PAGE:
7 Ways to Get Connected in 30 Days
Imagine your PCS has been full of delays. Imagine you are just arriving at your next duty assignment weeks or even months later than you originally expected. You are anxious to get your house settled and your family established in new patterns of life. Whether it is a firm start date for school or a job, or maybe just a strong desire to put down roots, here are seven ways to get connected within thirty days.
Start by Going Digital
This one is really easy to do and requires very little social courage! Get on your Facebook app and start searching for official pages for your city, town, or county. Follow tourism pages, local attraction pages, and military installation pages or groups. Visit your local Chamber of Commerce website. Check out Tripadvisor and Yelp. Sometimes you have to get acclimated to the places before you can find your people. Use the Internet, Google, and online research to your advantage.
Wave and Say Hello
This suggestion may sound almost too simple to mention, but you might be surprised how easy and effective it is for getting connected to your immediate neighbors. Make it a personal project within the next thirty days to simply wave and say a hearty hello to every neighbor you see out at the mailbox, out on a jog, while walking your dog, or anywhere else you may find yourself. First, you’re waving and helloing. Next, you’re introducing yourself and planning a barbeque or coffee date.
Find Your People
It may feel like there are extra layers to getting out and meeting people during these times of social distancing, mask-wearing, and limited gatherings. However, as events and establishments are resuming in-person meetings, consider reaching out to places you normally connect with kindred spirits. Check out your local churches, gym or workout facilities, civic or alumni organizations you normally join. These community structures are in place to help you quickly assimilate into groups of people with shared common characteristics or interests.
Learn Something New
With every new duty station, most of us get an opportunity for a fresh start with our time and perhaps our passions. Consider using the desire for a new skill or hobby as a catalyst for meeting new people. Many local community centers offer language lessons, art or computer skill classes, group Bingo or Poker games, or exercise groups. Not only will placing yourself in these situations lead to making new acquaintances but as an added bonus you just might pick up a new skill or healthy habit.
Don’t Sleep On the Library
To some, public libraries might seem antiquated or outdated. While many may continue to have limited in-person hours, most are literal hubs of information, including but not limited to current events in the community. Local libraries offer online and in-person education, meetups, virtual storytime, and many keep community calendars advertising big events around town.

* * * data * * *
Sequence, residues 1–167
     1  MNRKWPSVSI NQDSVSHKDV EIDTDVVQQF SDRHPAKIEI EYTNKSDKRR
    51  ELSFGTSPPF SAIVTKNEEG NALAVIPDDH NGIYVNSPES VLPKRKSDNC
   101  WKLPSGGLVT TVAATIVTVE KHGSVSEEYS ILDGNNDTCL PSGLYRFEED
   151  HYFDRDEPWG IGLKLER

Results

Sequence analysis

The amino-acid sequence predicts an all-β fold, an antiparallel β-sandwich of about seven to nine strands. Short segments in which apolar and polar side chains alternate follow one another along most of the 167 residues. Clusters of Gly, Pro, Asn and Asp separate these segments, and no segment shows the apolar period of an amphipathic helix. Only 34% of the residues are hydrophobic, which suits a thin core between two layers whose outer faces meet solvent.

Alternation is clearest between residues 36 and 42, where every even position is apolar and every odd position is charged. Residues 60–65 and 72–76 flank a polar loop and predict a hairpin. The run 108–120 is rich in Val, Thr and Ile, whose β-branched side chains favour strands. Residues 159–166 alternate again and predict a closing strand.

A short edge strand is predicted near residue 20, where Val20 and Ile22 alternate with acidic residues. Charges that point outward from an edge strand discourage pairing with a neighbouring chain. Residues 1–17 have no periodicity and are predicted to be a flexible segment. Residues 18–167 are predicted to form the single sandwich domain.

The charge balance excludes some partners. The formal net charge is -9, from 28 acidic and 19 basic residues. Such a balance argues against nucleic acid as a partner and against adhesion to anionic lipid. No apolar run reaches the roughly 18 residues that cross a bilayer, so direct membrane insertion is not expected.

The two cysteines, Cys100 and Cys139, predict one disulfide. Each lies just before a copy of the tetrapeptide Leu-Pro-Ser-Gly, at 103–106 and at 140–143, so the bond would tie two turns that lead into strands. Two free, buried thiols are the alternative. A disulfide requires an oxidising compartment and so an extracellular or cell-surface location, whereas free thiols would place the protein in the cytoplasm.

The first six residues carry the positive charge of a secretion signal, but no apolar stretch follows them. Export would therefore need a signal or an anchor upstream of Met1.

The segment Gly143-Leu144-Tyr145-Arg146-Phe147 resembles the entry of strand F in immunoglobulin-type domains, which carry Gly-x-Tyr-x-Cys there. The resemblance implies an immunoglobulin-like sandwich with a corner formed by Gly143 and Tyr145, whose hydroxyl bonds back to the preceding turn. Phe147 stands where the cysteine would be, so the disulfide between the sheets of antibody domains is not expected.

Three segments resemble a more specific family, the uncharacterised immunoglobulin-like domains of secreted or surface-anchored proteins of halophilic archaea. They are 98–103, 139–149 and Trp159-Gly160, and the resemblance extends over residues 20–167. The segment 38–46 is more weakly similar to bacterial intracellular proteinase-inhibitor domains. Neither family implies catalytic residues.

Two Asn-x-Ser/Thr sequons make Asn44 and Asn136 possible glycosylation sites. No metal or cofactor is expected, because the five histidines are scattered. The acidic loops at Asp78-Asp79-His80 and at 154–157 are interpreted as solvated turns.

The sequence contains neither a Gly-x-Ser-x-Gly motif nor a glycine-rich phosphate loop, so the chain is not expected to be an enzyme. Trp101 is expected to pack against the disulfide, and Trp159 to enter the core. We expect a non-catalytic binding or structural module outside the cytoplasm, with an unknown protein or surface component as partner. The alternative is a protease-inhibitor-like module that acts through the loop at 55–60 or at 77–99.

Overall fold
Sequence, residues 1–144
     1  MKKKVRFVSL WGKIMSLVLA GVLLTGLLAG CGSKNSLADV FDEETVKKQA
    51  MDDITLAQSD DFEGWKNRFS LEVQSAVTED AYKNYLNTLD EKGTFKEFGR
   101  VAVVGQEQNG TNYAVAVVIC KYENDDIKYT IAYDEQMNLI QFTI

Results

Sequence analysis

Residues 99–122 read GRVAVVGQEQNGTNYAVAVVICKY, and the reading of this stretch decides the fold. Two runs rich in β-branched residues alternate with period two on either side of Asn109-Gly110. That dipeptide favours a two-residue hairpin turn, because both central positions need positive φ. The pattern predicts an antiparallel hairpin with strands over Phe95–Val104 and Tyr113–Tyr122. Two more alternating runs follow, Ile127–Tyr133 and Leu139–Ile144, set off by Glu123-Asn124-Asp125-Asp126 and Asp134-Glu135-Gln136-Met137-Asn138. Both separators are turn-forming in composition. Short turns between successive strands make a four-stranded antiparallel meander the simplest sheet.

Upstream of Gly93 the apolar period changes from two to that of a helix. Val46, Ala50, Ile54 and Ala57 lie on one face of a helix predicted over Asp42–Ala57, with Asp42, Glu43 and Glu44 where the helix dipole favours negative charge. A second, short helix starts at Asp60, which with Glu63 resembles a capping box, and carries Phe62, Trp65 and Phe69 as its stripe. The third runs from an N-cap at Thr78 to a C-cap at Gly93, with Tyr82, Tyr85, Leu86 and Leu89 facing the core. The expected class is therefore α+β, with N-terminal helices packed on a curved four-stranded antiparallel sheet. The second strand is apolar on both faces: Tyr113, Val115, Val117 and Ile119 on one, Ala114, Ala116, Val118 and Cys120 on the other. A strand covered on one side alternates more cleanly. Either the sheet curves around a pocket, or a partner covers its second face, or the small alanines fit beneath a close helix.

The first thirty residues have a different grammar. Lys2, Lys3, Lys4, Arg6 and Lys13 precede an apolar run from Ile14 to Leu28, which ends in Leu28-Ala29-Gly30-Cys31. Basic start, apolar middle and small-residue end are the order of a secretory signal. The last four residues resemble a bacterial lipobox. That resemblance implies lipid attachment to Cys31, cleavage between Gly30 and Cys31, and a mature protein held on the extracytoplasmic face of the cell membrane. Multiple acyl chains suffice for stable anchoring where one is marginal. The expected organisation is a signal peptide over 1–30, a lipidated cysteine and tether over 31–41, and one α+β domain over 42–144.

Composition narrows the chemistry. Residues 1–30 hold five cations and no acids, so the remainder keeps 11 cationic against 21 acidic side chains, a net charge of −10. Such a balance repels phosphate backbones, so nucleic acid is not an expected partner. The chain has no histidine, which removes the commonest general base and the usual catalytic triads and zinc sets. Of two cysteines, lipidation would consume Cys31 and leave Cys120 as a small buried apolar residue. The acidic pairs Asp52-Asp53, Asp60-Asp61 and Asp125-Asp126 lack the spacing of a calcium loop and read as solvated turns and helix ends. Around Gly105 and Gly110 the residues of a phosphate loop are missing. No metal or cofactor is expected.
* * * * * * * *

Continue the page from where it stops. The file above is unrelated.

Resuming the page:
Take a Drive to Get the Lay of the Land
Perhaps you aren’t quite ready to join in-person gatherings just yet. One great way to get connected to your new community is to simply get out and drive around. Get familiar with the main pockets of commerce, major roadways, and travel routes. In doing so, you are not only acclimating yourself to the geography and infrastructure of your new town, but you are also seeing what the place has to offer. By locating certain businesses, restaurants, signage, or buildings, you just might find a place to visit again and get involved.
Word of mouth is still one of the best and most effective ways to get the answers you are seeking. Looking for a new hairstylist or specialty medical provider? Looking for the local farmers’ market or a great park to walk your dog? Put out a digital query on your social media channels and ask. You may discover someone you know or a friend of a friend who is local that can help point you in the right direction. Or, now that you’re in the habit of speaking to your neighbors, ask them directly for insights on where they get their car serviced or their favorite place to get a burger.
When you move to a new duty assignment, it can be easy to let the rush to unpack and settle or recover and rest take top place. However, by prioritizing getting connected to people and places in your new town, you will reap great rewards for time to come.